To reiterate, the primary difference between synchronous and asynchronous learning is how students learn materials – together or separately. If students learn class materials together, whether in person in a physical classroom or online in a digital class, it’s synchronous learning.
If students learn class materials separately – again, whether that’s via picking up class materials in person at different schedules or attending a prerecorded online class – it’s asynchronous learning.
Asynchronous and synchronous classes can teach the same content, be taught by the same person, and be useful to the same people in some contexts. It’s up to you to determine which learning style is best for your personality and educational goals.
How does Teachable support both ways of learning?
Both synchronous and asynchronous learning are effective ways of delivering knowledge to your students. Teachable also supports both ways of learning through different tools and features. You might hear us refer to them as cohort-based courses and self-paced courses.
For example, Teachable enables you to host live cohort-based courses. Through these synchronous meetings or educational experiences, you’ll be able to respond directly to student questions or concerns in real-time.
If you prefer asynchronous learning, however, Teachable can also help. Teachable let’s you upload courses to be taken by students on their own schedule. Features like comments and quizzes, enable you to deliver tests and other learning materials to students, facilitating an educational exchange that can occur even when one party is not present.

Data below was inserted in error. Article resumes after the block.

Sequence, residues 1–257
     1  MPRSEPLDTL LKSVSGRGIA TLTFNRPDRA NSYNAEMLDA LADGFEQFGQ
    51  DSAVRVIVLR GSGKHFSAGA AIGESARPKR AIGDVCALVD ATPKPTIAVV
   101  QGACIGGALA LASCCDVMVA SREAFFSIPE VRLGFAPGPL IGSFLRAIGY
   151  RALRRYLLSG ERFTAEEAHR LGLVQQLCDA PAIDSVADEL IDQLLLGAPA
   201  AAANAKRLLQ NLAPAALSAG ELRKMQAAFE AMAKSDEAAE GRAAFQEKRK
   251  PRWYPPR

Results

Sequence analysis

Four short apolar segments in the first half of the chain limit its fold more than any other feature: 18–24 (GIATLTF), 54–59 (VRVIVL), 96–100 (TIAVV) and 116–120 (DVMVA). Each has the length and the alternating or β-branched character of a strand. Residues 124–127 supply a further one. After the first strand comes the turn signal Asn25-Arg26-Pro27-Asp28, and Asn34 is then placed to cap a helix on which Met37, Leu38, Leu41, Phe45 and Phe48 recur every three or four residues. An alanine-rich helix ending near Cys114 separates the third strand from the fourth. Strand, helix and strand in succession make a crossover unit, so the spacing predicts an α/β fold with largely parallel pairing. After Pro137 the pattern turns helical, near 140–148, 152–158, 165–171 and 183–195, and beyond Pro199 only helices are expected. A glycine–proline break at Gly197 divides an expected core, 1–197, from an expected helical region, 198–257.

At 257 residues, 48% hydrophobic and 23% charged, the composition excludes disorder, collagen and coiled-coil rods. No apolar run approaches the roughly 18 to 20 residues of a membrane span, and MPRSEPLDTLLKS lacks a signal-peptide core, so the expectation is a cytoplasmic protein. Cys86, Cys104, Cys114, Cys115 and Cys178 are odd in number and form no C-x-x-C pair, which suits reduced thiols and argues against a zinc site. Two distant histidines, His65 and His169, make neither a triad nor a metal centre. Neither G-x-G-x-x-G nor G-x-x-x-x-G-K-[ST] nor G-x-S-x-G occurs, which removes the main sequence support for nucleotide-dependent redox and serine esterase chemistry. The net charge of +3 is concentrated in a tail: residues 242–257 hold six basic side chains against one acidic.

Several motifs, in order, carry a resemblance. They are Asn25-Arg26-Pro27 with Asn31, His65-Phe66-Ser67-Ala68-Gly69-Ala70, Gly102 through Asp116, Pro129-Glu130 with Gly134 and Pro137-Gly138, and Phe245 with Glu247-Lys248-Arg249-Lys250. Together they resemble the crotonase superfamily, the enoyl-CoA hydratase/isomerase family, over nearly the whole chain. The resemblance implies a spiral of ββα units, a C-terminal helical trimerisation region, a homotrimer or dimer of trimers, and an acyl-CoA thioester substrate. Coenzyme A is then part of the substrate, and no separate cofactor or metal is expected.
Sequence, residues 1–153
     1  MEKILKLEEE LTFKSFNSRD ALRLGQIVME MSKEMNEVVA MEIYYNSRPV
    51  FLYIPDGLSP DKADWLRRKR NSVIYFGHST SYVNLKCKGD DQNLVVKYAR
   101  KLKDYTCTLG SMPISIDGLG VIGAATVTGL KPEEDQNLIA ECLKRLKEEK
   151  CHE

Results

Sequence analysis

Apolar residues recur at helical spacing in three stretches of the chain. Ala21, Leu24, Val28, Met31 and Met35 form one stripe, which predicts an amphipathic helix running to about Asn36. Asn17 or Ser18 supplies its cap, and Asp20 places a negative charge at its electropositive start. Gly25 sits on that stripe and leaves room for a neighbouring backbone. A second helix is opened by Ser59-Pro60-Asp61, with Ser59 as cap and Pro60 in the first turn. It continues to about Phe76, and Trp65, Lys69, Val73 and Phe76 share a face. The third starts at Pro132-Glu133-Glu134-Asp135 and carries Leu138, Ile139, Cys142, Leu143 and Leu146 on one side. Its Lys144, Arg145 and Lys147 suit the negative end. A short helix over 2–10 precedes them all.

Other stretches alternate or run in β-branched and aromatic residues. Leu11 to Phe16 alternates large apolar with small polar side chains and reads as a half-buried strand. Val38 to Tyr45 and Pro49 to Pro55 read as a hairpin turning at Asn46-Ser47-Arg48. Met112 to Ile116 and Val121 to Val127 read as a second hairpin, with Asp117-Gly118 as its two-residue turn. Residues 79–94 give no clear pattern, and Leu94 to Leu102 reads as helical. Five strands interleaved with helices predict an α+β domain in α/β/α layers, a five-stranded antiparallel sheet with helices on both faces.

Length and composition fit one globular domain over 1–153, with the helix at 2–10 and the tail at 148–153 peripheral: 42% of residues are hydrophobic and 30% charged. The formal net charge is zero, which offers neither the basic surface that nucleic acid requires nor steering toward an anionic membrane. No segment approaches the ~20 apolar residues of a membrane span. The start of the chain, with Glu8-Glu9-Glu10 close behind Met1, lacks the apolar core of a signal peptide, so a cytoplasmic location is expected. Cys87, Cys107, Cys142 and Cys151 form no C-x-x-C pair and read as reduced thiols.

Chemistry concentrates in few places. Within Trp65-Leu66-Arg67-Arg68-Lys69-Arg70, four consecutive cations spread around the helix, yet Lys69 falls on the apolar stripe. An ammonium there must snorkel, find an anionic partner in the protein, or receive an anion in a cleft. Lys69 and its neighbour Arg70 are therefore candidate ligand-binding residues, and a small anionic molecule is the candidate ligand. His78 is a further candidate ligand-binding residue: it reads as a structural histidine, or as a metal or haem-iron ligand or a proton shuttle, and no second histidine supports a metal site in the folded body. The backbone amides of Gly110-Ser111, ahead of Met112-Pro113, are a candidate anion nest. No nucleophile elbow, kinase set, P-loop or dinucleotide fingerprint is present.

Which is better – synchronous or asynchronous learning?
Neither the synchronous or asynchronous learning type is better than the other. They both have distinct advantages and potential downsides to consider when selecting an online class, online coaching experience, or online degree program.
What is an example of synchronous learning?
A regular on-campus college class in a physical classroom is an example of synchronous learning. All of the students in the classroom attend the class at the same time and listen to the lecturer in person. They receive class materials at the same time as well.
What is an example of asynchronous learning?
A prerecorded online class is an example of asynchronous learning. For example, a professor may upload a prerecorded lecture for a specific book module, and students must watch the lecture and complete a small paper on the topic by a certain date. However, no requirements or restrictions are placed on when exactly students must complete that work, provided it is done by the deadline.
Note that synchronous online classes exist as well; they just require everyone to log in and watch a video lecture at the same time or attend live-streaming lectures.